Between a Rock and a Very Hard PlacePosted: January 11, 2010
Welcome to the New Year and the new decade. The Noughties began on a wave of optimism and energy. The new Scottish Parliament and ministers prioritised work to end homelessness. The Homelessness Task Force combined the expertise of the public and voluntary sector and developed the most progressive strategy in Europe. Ministers boldly proclaimed that we would end homelessness by 2012. Unprecedented levels of funding were targeted at ending rough sleeping and modernising off the street accommodation.
So where are we now as the decade that started so hopefully ends and another begins?
It remains the case that by 2012, under Scottish legislation, all unintentionally homeless people should have access to a permanent home. (Currently, only people in ‘priority need’ – generally families with children – have the right to permanent homes. All others have access to only temporary accommodation and support. By 2012, with the gradual roll-out of the existing legislation, there will be no distinction and everyone will have the right to a home). The goalposts have not been moved.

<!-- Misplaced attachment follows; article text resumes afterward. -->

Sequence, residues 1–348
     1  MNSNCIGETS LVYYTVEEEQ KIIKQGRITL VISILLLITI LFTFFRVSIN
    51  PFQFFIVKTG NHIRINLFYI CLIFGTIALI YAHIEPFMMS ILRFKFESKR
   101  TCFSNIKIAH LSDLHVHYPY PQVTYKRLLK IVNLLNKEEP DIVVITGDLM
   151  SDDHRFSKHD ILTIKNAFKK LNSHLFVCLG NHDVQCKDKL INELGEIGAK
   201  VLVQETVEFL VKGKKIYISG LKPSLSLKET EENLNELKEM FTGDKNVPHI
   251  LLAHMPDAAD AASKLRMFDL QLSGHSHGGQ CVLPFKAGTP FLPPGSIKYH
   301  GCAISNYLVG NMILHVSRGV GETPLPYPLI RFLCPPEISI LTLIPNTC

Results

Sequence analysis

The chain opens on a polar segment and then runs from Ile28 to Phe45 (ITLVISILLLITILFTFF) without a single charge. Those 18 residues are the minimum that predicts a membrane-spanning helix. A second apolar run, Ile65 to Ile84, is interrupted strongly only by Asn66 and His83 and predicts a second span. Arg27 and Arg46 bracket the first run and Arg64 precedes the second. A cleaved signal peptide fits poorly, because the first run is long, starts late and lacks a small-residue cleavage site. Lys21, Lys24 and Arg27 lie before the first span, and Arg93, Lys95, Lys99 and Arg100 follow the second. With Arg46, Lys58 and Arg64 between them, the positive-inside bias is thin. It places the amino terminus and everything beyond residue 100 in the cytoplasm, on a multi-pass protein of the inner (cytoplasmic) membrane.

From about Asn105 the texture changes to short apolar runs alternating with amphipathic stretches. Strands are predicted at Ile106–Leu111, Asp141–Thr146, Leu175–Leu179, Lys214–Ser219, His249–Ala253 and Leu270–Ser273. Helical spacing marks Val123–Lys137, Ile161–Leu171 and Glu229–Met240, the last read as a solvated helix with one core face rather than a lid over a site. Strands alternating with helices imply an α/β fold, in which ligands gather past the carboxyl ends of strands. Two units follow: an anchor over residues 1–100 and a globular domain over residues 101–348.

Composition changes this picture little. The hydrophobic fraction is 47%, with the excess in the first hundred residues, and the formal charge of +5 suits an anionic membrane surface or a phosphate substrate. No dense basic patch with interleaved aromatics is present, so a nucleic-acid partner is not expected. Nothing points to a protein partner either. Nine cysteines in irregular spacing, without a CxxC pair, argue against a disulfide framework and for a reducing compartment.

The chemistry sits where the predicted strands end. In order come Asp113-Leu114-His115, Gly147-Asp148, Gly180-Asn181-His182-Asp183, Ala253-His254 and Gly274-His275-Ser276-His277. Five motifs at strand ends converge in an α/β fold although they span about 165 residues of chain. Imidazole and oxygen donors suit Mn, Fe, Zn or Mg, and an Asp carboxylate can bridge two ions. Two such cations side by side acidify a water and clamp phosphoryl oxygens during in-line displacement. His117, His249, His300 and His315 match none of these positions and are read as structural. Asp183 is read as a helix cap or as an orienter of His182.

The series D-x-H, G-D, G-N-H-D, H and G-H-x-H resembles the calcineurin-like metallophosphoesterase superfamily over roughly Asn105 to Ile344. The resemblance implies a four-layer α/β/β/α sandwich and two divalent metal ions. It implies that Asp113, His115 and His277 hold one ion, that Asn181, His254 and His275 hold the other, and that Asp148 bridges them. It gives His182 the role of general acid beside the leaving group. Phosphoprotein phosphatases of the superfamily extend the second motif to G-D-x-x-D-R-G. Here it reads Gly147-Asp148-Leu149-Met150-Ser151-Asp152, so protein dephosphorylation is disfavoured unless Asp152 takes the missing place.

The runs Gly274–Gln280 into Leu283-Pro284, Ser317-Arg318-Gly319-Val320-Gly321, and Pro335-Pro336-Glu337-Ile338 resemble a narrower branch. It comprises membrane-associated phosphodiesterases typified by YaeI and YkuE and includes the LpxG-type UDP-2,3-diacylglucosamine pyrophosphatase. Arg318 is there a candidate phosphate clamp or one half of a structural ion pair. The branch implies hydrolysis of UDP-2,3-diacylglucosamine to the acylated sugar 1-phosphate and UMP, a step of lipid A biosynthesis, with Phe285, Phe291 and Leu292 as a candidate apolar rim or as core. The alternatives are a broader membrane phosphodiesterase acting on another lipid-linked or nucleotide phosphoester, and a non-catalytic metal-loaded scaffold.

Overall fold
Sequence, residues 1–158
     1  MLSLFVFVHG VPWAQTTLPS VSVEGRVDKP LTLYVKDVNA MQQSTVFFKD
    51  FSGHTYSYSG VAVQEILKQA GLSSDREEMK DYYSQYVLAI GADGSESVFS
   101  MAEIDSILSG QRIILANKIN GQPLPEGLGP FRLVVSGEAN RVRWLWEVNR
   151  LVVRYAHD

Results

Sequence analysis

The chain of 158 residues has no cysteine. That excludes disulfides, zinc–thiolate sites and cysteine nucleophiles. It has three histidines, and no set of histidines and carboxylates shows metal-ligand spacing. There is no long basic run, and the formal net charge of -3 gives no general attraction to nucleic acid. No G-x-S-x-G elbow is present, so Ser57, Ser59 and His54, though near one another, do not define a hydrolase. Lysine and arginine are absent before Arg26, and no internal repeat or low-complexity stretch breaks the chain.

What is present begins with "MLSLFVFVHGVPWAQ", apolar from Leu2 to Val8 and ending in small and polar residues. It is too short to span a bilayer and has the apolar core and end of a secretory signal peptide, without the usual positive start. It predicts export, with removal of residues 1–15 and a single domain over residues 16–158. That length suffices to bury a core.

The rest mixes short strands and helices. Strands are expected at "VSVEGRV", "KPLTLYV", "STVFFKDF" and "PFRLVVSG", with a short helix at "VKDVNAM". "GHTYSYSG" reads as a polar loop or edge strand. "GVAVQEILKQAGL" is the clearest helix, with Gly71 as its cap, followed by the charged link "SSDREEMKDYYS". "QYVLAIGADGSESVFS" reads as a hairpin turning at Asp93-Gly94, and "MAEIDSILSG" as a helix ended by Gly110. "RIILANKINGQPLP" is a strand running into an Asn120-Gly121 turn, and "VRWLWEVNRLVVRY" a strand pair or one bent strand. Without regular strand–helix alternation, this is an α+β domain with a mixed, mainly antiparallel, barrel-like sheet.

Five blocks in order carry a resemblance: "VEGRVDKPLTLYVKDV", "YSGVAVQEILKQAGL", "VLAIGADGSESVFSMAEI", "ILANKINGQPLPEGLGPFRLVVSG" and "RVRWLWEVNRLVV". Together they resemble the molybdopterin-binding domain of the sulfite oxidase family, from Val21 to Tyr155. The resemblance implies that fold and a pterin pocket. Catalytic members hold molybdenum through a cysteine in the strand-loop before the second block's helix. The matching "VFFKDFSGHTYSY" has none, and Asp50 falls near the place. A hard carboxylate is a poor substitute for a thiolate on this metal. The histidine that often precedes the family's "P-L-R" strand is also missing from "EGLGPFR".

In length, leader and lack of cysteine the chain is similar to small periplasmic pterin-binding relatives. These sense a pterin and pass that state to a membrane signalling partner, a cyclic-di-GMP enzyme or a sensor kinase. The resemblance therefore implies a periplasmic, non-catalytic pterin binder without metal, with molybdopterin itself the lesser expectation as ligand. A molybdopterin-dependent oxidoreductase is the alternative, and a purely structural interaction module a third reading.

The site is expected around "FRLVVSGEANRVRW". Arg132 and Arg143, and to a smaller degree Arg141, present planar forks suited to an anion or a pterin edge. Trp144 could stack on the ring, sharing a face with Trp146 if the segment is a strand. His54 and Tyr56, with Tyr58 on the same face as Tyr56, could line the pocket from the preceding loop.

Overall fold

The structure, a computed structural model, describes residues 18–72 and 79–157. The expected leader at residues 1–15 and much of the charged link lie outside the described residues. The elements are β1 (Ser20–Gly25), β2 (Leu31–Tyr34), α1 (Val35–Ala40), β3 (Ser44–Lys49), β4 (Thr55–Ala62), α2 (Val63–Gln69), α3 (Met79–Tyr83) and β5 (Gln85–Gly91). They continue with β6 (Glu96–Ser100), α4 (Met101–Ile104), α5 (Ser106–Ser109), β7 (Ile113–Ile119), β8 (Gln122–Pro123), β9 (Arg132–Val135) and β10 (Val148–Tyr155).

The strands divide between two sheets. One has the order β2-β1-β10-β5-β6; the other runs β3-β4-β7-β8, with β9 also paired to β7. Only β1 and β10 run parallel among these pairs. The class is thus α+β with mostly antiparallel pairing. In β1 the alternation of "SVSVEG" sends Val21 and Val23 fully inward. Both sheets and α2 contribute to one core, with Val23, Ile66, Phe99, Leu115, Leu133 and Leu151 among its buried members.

But it is evident to everyone concerned that we face a massive and widening gap between the demand on local authorities and their ability to supply homes, let alone the range of helping services that are essential in providing effective and lasting solutions to homelessness. We enter the new decade facing unprecedented reductions in public sector funding, with a growing atmosphere of frustration and blame.
Whereas the Noughties started with genuine public and voluntary sector partnership around the bold vision to end homelessness, we ended it with the public sector as dispassionate commissioners, needing to squeeze every penny out of contracts, and the voluntary sector tendering for survival in competition not just with each other but also, increasing, the private sector. Some contrast!
This is an observation, not a criticism. There are good people in all sectors trying to do the best they can and sharing a commitment to social justice. The decade ahead of us will be a time for pulling together. For charities like Cyrenians it will be a time to dig deep into our resources to continue to come up with creative solutions for hard times.